by Félix Pérez (image of Gov. Ducey courtesy of Gage Skidmore)
Already-reeling Arizona public schools will have to make do with even less, despite the heated objections and protests of educators, parents, students and residents. Passed in the middle of the night without any opportunity for public debate, the budget, assembled by Gov. Doug Ducey and signed last week, also eliminates all funding for the state’s three largest community college districts while imposing deep cuts on public universities.
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“Arizona is already last in the nation in per-pupil spending; this budget will keep our children at the bottom unless voters take action,” said Tucson high school English teacher and president of the Arizona Education Association Andrew Morrill. “This budget ignores the priorities of our citizens and shows no respect for the majority of parents.”
The $9.1 billion budget slashes $113.4 million from classroom materials, technology, building repairs, and more, representing an overall loss of $352.4 million to school districts when combined with the prior year’s cuts (for a reduction of more an 83 percent). The loss amounts to approximately $135 per student.
The final deal also cuts $15.6 million from Pima and Maricopa college districts and Central Arizona College — eliminating all state funding. State universities also came under the knife, losing $104 million, or 14 percent of their state support.
Prior to this budget, Arizona legislators had cut education funding by $1 billion over the last five years.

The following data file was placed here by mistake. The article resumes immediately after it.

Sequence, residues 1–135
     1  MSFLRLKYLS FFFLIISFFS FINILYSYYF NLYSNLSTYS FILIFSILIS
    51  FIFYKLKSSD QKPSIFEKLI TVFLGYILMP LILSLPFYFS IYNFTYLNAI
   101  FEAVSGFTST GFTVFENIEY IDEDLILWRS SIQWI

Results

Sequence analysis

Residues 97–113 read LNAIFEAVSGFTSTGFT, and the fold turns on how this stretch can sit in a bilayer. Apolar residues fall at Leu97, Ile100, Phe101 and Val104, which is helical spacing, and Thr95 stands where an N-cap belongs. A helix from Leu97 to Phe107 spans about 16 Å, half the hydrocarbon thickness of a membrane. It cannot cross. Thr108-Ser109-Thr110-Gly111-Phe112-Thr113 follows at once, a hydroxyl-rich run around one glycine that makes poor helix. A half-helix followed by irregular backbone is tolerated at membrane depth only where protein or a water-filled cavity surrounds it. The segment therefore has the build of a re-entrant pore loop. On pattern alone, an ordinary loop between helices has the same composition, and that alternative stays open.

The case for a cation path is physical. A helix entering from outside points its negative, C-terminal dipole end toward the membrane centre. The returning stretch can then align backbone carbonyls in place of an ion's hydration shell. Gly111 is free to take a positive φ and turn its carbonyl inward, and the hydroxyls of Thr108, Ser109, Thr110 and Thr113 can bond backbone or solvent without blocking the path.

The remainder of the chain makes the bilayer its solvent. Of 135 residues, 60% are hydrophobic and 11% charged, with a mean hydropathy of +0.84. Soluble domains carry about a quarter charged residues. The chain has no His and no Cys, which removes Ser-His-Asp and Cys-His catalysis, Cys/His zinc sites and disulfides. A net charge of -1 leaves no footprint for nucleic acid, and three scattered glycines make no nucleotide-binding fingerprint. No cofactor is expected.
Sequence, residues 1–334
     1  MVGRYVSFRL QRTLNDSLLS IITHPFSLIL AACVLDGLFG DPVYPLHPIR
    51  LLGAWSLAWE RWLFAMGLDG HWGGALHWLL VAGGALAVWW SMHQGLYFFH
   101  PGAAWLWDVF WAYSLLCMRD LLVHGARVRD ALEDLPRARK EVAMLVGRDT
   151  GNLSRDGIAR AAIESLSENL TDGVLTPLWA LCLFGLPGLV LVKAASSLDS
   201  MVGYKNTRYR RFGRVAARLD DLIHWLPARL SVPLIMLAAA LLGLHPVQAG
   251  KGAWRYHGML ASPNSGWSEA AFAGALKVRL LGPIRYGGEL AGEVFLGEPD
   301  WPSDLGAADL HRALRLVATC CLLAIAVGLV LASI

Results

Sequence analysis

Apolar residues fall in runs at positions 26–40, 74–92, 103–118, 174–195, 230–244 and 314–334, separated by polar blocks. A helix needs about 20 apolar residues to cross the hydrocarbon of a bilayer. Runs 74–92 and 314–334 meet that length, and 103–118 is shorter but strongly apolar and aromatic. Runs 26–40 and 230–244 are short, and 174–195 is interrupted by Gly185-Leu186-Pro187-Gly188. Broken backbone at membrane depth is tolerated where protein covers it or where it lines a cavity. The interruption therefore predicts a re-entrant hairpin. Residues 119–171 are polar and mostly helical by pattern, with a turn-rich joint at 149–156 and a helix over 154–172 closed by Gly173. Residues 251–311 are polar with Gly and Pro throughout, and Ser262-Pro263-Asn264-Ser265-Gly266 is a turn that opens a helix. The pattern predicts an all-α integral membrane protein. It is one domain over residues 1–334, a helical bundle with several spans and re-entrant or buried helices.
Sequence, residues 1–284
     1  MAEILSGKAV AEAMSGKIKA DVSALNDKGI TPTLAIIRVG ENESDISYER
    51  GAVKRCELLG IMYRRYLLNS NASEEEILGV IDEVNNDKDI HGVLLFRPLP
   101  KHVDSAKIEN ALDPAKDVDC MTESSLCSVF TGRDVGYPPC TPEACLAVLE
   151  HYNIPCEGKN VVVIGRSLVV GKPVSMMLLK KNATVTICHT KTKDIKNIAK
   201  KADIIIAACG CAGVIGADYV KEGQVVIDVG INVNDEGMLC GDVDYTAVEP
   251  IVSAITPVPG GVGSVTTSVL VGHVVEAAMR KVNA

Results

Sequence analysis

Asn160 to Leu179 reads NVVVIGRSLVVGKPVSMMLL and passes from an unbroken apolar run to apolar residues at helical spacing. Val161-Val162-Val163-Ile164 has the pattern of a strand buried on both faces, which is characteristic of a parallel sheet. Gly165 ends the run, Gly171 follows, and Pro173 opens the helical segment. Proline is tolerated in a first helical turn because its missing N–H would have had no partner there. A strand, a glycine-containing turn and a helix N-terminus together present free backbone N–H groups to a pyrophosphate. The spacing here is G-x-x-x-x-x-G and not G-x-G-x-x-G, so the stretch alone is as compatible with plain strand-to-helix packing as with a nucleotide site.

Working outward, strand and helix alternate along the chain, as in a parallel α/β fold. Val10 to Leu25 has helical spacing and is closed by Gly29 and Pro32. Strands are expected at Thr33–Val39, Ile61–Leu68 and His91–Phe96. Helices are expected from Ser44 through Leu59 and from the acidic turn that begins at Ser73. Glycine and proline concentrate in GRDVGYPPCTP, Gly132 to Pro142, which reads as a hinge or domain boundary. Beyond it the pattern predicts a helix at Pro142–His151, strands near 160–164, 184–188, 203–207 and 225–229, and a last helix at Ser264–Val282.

“Education is not something extra. It’s like water. It’s not something we can do without. I’ve been in education for 40 years and I’ve seen a lot of changes, but I have never seen anything like this,” Michael Cady, a retired teacher, told The Arizona Republic.
Touted by Ducey and his allies in the legislature as a lean blueprint consistent with the state’s resources and needs,the budget nevertheless includes funding increases for private, for-profit prisons, $267 million in corporate tax giveaways, $500,000 to Teach for America, and more than $100 million for a corporate tuition tax credit program for private school vouchers. Ducey was elected to office last November thanks in large measure to financial support from the Koch brothers’ political network.
Dana Wolfe Naimark, president and CEO of Children’s Action Alliance, reacted to Ducey’s budget this way:
Governor Ducey keeps churning out press statements bragging about his focus on education and pretending that money appropriated to pay for more students and higher costs counts as a new investment. But Arizonans know better. The college students, parents, grandparents, foster parents, and children marching at the Capitol and speaking up on social media have not been fooled. We see the lists of cuts in the budget that will truly shape the school days of our next generation – larger class sizes, growing teacher shortages, less technology, weaker infrastructure, fewer options for preschool and after school education.
An editorial in The State Press, Arizona State University’s student newspaper, took Ducey to task over his priorities. “Ducey and Arizona Republicans have made an all but official declaration that the education of future generations is less important than the feelings of millionaires on tax day.”